How to Insulate Under a Sunroom?

We received a question from Wade in Virginia. And he has a sunroom that does not have a crawl space around it, and he's wanting to know the best way to insulate it.

What to know before starting

Wade sent in a picture of his sunroom, from the photo we where able to see  that there is some plywood that they put underneath in order to block wind and critters from getting up into the sunroom. From the way he described it sounds like there is some  batt insulation, probably some fiberglass insulation between the plywood and the subfloor of the sunroom. So how would you insulate something like that? Well, you've got to be really careful. Since Wade is in Virginia, and the average humidity in January is between 61% and 68%. He has to account for that and make sure the wood is dry.

Install a Dehumidifier

What you need to do is if you're going to insulate underneath an area that is open to the outside humidity, you might want to think about blocking that area off and drying the wood before you put any kind of insulation. It's going to be a bit of a pain to do that, but you can staple up some plastic around the entire space to create a containment area, put in a dehumidifier after you remove that plywood and bat insulation that's already up in there. Use wood moisture meter, check the wood moisture level, get it below 9-12%, somewhere around in there. Then you can take a good foam board, we would use our termite resistant foam board, cut it to fit between the floor joists, And you shove that up in there, and then you can spray foam the exposed wood if you wanted to and lock that foam board into place; or you could just spray foam the edges of the foam board to lock it into place and make sure you're air sealing that foam board up against the subfloor.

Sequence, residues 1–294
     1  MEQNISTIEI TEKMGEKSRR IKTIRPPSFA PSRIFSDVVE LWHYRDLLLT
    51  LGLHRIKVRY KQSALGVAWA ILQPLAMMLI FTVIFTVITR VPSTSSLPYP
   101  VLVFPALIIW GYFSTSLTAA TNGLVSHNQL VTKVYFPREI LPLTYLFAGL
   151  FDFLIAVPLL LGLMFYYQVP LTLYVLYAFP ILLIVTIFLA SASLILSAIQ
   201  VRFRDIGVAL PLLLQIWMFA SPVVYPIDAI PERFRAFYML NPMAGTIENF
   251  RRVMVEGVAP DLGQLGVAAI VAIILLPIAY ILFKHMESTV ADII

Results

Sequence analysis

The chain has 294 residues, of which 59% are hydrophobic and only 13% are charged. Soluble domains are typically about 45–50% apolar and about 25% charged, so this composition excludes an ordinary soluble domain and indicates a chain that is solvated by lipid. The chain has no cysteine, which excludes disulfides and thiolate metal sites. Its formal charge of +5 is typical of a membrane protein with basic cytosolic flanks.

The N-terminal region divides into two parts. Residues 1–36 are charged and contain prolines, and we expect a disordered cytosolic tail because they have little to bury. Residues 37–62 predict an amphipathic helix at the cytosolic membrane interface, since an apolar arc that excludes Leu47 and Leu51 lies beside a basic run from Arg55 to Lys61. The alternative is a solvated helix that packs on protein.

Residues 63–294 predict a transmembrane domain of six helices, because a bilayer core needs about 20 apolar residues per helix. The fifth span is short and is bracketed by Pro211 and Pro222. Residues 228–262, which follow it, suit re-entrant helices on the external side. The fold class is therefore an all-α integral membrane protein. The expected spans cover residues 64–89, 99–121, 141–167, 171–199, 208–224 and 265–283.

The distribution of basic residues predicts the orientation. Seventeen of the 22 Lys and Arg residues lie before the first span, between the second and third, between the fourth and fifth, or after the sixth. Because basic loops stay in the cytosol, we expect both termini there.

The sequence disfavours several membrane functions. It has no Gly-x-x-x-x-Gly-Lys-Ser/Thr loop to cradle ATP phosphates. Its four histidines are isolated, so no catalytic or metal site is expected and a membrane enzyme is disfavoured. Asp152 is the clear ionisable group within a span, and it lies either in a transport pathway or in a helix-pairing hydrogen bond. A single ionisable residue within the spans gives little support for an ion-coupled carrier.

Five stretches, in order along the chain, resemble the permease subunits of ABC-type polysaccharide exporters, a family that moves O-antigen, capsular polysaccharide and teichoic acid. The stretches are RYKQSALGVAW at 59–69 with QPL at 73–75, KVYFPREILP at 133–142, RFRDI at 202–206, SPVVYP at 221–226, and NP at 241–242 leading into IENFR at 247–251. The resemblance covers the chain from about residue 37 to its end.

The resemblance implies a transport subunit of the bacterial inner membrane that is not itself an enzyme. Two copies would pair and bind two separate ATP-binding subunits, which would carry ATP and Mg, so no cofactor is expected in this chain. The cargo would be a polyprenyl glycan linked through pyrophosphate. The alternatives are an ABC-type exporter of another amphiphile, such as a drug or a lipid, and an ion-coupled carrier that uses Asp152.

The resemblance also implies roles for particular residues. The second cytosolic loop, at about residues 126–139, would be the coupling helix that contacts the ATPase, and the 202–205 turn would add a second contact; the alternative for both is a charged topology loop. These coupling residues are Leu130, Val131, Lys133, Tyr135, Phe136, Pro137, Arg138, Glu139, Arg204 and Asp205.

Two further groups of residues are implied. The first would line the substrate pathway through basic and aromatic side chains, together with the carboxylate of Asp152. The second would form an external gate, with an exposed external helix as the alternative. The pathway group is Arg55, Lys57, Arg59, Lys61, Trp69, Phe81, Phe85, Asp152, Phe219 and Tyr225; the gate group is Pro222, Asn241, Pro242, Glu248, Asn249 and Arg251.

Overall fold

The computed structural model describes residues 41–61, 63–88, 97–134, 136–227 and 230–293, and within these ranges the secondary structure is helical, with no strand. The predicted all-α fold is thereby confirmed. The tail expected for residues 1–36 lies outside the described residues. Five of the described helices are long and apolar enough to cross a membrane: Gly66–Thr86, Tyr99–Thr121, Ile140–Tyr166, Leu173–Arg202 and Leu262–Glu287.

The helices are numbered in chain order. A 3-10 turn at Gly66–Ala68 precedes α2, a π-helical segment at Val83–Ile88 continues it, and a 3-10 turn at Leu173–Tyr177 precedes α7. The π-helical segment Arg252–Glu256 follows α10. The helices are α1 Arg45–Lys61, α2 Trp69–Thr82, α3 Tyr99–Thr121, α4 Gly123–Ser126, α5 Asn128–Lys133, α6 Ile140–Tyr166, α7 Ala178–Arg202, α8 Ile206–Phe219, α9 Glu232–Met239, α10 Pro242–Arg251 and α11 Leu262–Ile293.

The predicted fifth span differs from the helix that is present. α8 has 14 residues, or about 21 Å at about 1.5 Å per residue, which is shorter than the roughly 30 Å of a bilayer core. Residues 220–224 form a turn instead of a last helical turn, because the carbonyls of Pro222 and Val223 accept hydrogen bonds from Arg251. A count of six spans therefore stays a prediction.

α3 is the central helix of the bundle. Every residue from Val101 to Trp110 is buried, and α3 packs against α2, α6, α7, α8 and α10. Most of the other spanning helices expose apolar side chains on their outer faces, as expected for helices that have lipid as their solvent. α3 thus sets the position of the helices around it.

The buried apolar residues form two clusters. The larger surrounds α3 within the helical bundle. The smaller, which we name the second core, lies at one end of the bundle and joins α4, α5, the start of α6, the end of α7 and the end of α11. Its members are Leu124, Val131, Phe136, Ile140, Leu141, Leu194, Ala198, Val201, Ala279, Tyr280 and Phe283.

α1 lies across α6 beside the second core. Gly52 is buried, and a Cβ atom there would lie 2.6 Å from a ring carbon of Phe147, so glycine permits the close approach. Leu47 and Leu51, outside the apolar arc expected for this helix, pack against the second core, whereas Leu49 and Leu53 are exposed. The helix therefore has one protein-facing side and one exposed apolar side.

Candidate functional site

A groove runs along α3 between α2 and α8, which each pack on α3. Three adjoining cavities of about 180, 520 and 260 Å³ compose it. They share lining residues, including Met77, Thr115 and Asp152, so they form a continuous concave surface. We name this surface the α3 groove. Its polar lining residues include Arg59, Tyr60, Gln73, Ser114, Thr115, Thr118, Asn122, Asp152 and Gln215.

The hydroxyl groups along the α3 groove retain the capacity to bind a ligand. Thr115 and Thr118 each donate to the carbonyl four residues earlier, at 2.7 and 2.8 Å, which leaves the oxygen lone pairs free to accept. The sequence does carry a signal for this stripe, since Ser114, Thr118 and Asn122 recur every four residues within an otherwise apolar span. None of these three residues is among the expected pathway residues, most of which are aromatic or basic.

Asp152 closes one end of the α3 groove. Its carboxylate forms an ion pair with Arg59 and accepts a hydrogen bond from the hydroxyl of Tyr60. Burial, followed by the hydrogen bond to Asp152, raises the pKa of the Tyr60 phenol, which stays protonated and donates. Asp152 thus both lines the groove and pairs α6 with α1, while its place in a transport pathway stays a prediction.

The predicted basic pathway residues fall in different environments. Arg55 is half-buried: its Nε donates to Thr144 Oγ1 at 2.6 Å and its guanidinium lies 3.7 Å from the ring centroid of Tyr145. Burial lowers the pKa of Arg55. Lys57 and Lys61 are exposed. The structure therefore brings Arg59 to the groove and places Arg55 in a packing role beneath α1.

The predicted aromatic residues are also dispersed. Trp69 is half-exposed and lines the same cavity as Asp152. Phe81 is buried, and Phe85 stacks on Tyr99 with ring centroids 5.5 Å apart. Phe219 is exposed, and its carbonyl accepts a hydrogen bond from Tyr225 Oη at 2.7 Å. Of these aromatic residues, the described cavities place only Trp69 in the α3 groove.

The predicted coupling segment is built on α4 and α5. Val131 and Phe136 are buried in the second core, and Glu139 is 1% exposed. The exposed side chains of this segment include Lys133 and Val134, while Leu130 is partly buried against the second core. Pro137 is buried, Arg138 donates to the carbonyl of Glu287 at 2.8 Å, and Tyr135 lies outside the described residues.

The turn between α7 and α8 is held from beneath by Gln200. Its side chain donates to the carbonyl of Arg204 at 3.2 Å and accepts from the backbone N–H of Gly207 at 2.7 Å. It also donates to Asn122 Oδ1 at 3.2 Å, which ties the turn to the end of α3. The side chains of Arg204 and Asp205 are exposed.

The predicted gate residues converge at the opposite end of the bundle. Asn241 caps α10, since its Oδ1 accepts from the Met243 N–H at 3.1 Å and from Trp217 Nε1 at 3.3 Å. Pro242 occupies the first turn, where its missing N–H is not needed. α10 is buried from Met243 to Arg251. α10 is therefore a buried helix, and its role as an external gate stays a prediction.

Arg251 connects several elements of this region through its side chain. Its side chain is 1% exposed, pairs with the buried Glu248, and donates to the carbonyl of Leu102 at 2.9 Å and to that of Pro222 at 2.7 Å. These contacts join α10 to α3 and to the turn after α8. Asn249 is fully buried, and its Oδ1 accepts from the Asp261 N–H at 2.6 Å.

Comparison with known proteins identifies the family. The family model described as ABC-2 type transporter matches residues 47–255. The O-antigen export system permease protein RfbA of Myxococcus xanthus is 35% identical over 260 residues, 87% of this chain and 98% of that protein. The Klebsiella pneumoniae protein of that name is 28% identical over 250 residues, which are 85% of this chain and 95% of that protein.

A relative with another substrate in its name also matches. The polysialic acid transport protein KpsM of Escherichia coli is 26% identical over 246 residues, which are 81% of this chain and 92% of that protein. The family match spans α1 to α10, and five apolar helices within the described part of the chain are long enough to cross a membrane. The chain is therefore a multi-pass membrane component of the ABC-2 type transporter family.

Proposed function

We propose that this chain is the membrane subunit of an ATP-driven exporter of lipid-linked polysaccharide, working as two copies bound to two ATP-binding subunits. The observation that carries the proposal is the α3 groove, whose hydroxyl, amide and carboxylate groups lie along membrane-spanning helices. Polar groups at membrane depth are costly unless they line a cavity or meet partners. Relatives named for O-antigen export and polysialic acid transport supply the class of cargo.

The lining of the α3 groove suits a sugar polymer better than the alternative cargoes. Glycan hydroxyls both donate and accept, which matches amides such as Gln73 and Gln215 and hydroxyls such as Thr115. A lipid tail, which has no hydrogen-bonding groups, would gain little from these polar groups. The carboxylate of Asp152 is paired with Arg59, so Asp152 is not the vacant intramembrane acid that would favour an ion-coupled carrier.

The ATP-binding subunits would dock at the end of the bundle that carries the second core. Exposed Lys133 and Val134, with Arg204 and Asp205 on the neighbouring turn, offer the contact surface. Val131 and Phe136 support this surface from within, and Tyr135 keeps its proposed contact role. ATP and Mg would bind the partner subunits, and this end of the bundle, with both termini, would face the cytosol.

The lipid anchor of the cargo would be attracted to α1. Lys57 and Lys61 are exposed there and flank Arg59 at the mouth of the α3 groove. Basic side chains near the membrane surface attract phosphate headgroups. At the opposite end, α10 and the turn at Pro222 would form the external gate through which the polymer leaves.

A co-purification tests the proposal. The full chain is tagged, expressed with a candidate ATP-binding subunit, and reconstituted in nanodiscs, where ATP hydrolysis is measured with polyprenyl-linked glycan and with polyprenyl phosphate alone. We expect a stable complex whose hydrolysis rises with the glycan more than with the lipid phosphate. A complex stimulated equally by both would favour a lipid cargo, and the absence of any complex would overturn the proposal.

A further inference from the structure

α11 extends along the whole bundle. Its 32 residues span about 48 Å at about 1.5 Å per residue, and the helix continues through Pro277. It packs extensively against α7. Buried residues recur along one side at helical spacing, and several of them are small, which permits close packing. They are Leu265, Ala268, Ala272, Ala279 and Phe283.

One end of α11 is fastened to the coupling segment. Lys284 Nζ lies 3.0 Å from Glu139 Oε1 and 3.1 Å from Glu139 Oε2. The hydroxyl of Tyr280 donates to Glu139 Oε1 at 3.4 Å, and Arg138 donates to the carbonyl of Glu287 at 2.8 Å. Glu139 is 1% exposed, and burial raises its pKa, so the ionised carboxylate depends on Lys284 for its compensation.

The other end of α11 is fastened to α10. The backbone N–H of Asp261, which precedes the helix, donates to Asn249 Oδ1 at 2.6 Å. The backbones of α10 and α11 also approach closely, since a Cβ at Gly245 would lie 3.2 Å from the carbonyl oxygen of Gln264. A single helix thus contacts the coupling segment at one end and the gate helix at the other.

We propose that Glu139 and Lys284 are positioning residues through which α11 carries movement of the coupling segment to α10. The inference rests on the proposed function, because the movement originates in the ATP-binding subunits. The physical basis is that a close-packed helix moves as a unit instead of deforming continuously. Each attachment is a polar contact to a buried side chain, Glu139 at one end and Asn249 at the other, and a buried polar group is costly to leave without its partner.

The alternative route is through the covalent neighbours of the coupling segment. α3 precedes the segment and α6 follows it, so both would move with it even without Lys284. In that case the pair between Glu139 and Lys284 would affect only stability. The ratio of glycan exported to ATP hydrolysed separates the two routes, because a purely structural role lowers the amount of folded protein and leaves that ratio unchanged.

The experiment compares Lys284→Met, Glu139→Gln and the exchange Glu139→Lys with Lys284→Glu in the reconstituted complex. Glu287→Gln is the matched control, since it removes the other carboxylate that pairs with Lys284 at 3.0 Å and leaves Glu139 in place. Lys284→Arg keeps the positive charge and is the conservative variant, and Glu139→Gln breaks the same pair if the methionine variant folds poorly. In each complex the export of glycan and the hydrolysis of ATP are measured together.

Protect your work from the elements

Then after all of that I would still take some pressure treated plywood and cover all over that back up, and then air seal that plywood with a good caulk, then paint the plywood if it's a paint-able plywood, which it should be. That way you're protecting that plywood from moisture and water exposure. You've got the plywood caulked, you've got the insulation air sealed, and you've also got that thermal barrier underneath the sunroom. Sounds like a pretty big project, but make sure you just dry out all that wood before you add any insulation up in there.

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